Sunday, November 29, 2009
Sunday, November 15, 2009
Breakfast at the Buena Vista cafe(http://www.buenavistacafe.com.au/) in the Supreme Law Courts Building of all places. Had to go through security to the 14th floor for a wonderful inexpensive breakfast with the best capuccino and a great view of Sydney.
Off to Bondi Beach. It was about 85 degrees F but the water was cold.
Sunday, November 1, 2009
This is one of the rays. He's also bigger than a person"
Box jellyfish (Chironex fleckeri), the infamous lethally venomous of northern Australia's coastal waters, is the most lethal jellyfish in the world, and one of the most dangerous animals in the world.(Picture also from Wikipedia).
Wildlife of Australia seems to come in 2 varieties weirdly cute or very dangerous -- multiple species of poisonous snakes, saltwater crocodiles, cassowaries (people size birds with a 5 inch long dagger-like claw talon that they can use for defense), several species of poisonous spider and one animal belonging in both the cute and dangerous catagories -- the duckbilled platypus. Male platypus have venomous ankle spurs.
Staute of a duckbilled platypus at Taronga Zoo
Truly a unique and fascinating continent.
Dinner tapas at Casa Asturiana (http://www.casaasturiana.com.au/index1.htm) in the Spanish sectiona: Jamon Serrano, garlic shrimp, peppers and salad. Heavenly!
After lunch at an Indian restaurant, we went to the Sydney Aquarium. Saw poisonous jellyfish and octopi. The best part was walking under(yes, under) a huge tank with sharks and rays; so you could look up and watching them swim over you. In this photo you can see one of the walkways on the right. The shark in the center is much bigger than he appears in the photo. He was approximately man-sized.
Tuesday, October 27, 2009
In 1979, Australia's National Health and Medical Research Council formally adopted pressure immobilization as the preferred method of first aid treatment for snakebites in Australia. As of 2009, clinical evidence for pressure immobilization remains limited, with current evidence based almost entirely on anecdotal case reports. This has led most international authorities to question its efficacy. Despite this, all reputable first aid organizations in Australia recommend pressure immobilization treatment; however, it is not widely adhered to, with one study showing that only a third of snakebite patients attempt pressure immobilization.
Pressure immobilization is not appropriate for cytotoxic bites such as those inflicted by most vipers, but may be effective against neurotoxic venoms such as those of most elapids. Developed by medical researcher Struan Sutherland in 1978, the object of pressure immobilization is to contain venom within a bitten limb and prevent it from moving through the lymphatic system to the vital organs. This therapy has two components: pressure to prevent lymphatic drainage, and immobilization of the bitten limb to prevent the pumping action of the skeletal muscles.
Pressure is preferably applied with an elastic bandage, but any cloth will do in an emergency. Bandaging begins two to four inches above the bite (i.e. between the bite and the heart), winding around in overlapping turns and moving up towards the heart, then back down over the bite and past it towards the hand or foot. Then the limb must be held immobile: not used, and if possible held with a splint or sling. The bandage should be about as tight as when strapping a sprained ankle. It must not cut off blood flow, or even be uncomfortable; if it is uncomfortable, the patient will unconsciously flex the limb, defeating the immobilization portion of the therapy. The location of the bite should be clearly marked on the outside of the bandages. Some peripheral edema is an expected consequence of this process.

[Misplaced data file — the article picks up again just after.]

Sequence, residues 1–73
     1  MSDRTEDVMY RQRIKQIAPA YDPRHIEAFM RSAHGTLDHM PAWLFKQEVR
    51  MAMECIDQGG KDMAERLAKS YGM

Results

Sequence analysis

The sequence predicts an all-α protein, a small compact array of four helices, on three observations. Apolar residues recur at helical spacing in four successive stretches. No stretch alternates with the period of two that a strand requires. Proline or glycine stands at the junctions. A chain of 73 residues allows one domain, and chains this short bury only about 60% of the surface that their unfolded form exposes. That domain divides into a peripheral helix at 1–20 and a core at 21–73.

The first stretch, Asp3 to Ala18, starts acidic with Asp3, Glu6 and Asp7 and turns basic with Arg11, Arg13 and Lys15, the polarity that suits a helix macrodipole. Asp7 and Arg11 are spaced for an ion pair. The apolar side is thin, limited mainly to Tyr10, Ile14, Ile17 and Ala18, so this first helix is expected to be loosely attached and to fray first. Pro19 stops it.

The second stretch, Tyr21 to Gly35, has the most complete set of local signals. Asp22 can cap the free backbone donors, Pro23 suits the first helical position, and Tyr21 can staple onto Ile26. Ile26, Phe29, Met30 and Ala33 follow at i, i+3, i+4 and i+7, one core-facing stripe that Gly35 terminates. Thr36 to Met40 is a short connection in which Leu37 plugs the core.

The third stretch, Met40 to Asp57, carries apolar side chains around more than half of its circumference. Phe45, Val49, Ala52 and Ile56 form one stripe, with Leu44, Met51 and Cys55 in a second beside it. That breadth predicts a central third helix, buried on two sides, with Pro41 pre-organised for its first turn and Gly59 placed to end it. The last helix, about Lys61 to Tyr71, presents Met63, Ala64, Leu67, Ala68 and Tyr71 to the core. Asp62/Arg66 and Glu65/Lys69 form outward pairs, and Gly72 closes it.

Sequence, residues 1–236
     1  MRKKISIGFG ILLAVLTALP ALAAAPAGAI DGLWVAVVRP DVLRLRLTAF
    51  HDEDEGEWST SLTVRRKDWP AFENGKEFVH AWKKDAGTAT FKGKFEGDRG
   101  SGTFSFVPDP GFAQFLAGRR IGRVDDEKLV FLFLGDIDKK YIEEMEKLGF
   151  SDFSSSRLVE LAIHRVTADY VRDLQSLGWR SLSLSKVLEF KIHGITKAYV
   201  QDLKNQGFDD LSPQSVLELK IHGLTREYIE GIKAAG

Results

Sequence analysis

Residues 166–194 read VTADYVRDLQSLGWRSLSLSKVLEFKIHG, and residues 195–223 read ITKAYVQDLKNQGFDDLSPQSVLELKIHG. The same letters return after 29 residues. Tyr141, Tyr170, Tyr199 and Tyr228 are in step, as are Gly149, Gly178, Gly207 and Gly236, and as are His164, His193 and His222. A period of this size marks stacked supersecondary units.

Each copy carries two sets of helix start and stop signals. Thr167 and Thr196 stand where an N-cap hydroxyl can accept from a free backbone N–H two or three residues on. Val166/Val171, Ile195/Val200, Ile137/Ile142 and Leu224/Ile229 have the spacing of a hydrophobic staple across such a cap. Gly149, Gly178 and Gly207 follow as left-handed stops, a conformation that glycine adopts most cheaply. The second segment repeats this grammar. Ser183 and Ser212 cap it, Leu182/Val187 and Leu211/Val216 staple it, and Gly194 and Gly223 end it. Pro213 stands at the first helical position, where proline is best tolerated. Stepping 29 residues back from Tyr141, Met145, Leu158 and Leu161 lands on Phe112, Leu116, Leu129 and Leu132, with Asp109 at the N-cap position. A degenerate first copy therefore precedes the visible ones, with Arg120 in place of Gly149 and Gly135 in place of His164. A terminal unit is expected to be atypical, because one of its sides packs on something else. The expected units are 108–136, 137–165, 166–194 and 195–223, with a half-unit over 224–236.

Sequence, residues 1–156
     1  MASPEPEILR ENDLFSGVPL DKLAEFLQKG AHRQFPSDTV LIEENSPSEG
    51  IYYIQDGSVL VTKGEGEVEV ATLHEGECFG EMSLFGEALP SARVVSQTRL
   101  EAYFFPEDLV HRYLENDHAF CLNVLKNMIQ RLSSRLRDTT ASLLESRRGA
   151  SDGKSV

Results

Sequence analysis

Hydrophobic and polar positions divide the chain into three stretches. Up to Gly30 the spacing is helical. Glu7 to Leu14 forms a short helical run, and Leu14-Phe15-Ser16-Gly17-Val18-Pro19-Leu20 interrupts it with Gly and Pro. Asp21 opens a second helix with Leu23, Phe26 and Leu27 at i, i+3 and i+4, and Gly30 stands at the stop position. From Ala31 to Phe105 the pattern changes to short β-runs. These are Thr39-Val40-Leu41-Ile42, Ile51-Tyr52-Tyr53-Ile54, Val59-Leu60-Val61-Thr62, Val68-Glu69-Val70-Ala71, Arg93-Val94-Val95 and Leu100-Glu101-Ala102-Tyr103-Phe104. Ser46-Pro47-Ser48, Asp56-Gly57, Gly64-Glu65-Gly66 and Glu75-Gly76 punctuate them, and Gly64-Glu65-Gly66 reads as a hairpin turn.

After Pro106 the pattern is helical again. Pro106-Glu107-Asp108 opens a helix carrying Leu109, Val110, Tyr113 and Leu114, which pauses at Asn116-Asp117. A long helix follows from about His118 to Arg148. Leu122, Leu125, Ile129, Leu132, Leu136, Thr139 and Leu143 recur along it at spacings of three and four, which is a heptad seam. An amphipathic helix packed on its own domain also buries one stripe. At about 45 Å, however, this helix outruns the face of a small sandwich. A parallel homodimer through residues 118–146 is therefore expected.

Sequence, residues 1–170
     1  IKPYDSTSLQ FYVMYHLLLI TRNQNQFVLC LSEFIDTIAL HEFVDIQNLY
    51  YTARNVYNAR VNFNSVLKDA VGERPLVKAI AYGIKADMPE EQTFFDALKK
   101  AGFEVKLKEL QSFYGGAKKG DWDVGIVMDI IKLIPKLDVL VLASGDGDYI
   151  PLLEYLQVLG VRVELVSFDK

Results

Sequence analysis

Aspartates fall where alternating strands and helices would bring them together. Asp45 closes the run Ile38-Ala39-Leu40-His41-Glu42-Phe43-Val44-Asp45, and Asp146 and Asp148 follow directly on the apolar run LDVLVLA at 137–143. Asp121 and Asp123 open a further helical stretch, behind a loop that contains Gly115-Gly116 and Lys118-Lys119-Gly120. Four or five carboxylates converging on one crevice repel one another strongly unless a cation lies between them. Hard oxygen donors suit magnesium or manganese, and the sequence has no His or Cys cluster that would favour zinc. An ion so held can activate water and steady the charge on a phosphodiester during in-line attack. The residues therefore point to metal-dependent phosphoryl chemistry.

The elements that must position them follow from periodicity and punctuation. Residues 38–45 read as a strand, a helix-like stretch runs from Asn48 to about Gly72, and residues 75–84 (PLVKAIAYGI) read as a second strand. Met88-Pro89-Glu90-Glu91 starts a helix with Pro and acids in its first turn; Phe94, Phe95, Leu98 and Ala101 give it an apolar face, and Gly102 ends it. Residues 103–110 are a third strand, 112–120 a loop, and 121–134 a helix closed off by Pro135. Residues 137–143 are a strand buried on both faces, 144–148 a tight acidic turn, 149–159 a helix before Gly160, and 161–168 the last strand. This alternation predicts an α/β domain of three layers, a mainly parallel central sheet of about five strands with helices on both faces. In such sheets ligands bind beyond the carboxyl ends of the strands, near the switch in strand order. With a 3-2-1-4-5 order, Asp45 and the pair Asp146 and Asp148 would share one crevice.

Apply pressure immobilization as quickly as possible; if you wait until symptoms become noticeable you will have missed the best time for treatment. Once a pressure bandage has been applied, it should not be removed until the patient has reached a medical professional. The combination of pressure and immobilization may contain venom so effectively that no symptoms are visible for more than 24 hours, giving the illusion of a dry bite. But this is only a delay; removing the bandage releases that venom into the patient's system with rapid and possibly fatal consequences.
Get to the nearest ED for antivenom treatments,. Don't need to bring the snake since they can test for which on at the hospital.
When we asked him where(zoo, wildlife park, etc.) we could see a common death adder, he named a street in Sydney. It would be like asking where someone could see a dangerous animal in Durham and being told Roxboro St.
Wednesday, October 21, 2009
Long flight, packed like sardines! Saw Oahu at night from high altitude!
After landing, getting our bags, going through customs -- having thrown out our peanut butter crackers and dark chocolate M&Ms, that might have been classifiable as contraband (foreign food/plant material). Afterwards the customs agent said they were probably OK. We wandered around Hyde Park until our hotelroom was ready.
Men playing chess.
An Australian white ibis. According to the guidebooks, they like to hang out in the rubbish bins in Hyde Park. This one liked to follow me around.
After our room was ready, we crashed for several hours (22hrs and 14 time zones does that).